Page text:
Looking for more unusual experiences in Himalaya? Visit a sustainable school in Ladakh.
Jibhi homestay and hotels – where to stay?
There are plenty of homestays and guesthouses with a common price 500-800 INR. You can find cheaper if you are ready to compromise on some conditions. You can as well find luxury options if you are looking for a proper retreat. There are also plenty of camps in Jibhi if you are into this thing.
I’m a huge fan of balconies and terraces in the mountains because I often have to live in my laptop. I’ve stayed in Rana Homestay in Jibhi. The family running this place is very lovely, you can expect plenty of homey yummy local food and I swear, this lady makes the best ajwain(it’s a spice) parathas I’ve ever tried.
I liked my working place in the homestay overlooking the river and forest. It’s close to the bridge and bus stop which was convenient for me in the side-trips. Note, if you come here for a silent one-place retreat and don’t intend to travel too much, you can check the neighboring village of Gada Gushaini (it doesn’t have the access to the main road, so even less transport goes there) or choose more remote accommodation options in Jibhi far away from the road. I shared my logic behind choosing this homestay.
There are many more options depending on your location preferences and budget:
- Mudhouse Jibhi – both hostel & private rooms.
- Jibhi Inn (they charge less for accommodation, but more for food)
- Shivang Guesthouse – uphill walk from the river
- TreeSouls Hostel
On the way to Jibhi Inn, there is another homestay in the field of wheat and apple trees. The lady was very lovely there offering tea for the visitors. I don’t recall the name of the guesthouse unfortunately and it’s not online.
Read also: How to find accommodation in India?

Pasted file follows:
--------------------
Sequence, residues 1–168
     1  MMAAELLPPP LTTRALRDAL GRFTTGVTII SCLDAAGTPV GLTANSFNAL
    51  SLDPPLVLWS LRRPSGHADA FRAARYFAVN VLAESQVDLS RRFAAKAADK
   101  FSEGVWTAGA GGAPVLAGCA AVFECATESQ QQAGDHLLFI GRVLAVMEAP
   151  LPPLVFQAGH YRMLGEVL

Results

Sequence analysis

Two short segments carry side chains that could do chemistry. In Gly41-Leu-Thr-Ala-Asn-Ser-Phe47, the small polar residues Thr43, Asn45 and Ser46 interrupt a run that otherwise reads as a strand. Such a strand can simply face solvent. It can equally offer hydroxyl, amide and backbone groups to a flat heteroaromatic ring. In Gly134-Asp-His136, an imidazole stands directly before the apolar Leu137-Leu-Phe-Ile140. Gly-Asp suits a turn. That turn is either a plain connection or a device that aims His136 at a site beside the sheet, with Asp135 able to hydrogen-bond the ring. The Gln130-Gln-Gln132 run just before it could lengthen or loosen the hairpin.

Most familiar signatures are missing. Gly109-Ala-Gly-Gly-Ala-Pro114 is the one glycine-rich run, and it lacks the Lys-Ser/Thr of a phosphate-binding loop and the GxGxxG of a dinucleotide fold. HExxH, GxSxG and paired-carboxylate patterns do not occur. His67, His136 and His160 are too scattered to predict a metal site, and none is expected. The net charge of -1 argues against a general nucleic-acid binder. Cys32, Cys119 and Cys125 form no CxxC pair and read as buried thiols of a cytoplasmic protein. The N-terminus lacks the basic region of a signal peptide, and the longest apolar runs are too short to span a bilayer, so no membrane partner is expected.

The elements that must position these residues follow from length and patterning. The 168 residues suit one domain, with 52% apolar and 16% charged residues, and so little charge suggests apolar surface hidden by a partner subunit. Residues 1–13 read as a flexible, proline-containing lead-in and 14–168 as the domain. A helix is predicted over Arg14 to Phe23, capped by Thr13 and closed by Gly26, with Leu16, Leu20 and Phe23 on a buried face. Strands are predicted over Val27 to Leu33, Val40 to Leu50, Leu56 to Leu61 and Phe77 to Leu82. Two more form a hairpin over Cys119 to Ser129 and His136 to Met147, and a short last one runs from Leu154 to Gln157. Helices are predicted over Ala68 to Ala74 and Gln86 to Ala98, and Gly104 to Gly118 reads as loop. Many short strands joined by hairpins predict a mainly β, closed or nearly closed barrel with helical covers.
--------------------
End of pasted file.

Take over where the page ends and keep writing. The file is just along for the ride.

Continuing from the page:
These are all mid-range options within 1000 INR + – budget. If you don’t care much about location, view and a few other conditions, you can find a place to crash for 500 INR within the season, but it will not be online of course and it will take a good walk around the village to find this.
Where to eat in Jibhi?
There are many eating spots, but most of them are part of the guesthouses/homestays. In my opinion, the most practical solution is to take food in your homestay. I’ve seen just a few “independent” cafes in the town – one local café near the bridge and another one at the roof of Asha Homestay. The last one has nice ambient music, a hilly view, and reasonable prices.
As mentioned previously, Jibhi is not a trendy tourist spot comparing to some neighboring towns and that’s why some of you may like it.
How to reach from Manali and Delhi to Jibhi?
Jibhi lies somewhere between Manali and Delhi (though not on the highway). You can also reach it from Shimla, Chandigarh and other bigger cities of Punjab state. If you start from Manali or Delhi, take a bus to Aut Village (Aut Tunnel). There are regular local buses and it costs 103 INR from Manali to Aut.
From Aut you need to take another local bus to Banjar – this is a big town in Kullu district which also serves as a starting point to numerous destinations in Tirthan Valley.
There are hourly buses starting from Aut Village. It takes 1 hour to reach from Aut village to Banjar and costs 35 INR. From Banjar, there are also a few buses towards Jibhi and neighboring villages. The journey takes around 1 hour and costs 20 INR.
If you travel by local bus from Manali to Jibhi it takes overall 6 hours to reach and costs 160 INR. You can find as well Volvo buses, but the price will be significantly higher.
If you start from Delhi or cities in Panjab, you might find direct local transport to Aut or arrive up till Mandi – it’s a big hill city in Himachal. From there you can get regular buses to Aut throughout the day. The bus ticket costs 60 INR and it takes one hour to reach from Mandi to Aut.
Other useful Jibhi travel tips:
- There is airtel 4G network in Jibhi, but you can find it only close to the road and outside the homes. Inside the homestays I rarely got a connection, thus if you plan to work, choose places with balconies and/or terraces.
- I recommend spending at least three days in the area. In my opinion, it doesn’t make sense to come here on one day off, because you would rather exhaust yourself. The road is quite long, plus it’s hard to understand much of this place during a short stay.
- Buy local fruits and veggies when you are in Jibhi. There will be products imported from other states of India, but local is always the best. E.g. tomatoes, cucumber, cherries, strawberries, apples – depending on the season.
- Are you getting well with technology? Help genuinely good homestays to register on Booking and similar platforms so more people find out about them.
Here you have a quick guide to Jibhi which can give you an idea about this offbeat gem in Himachal. What about you? Do you have your favorite villages in Himalaya?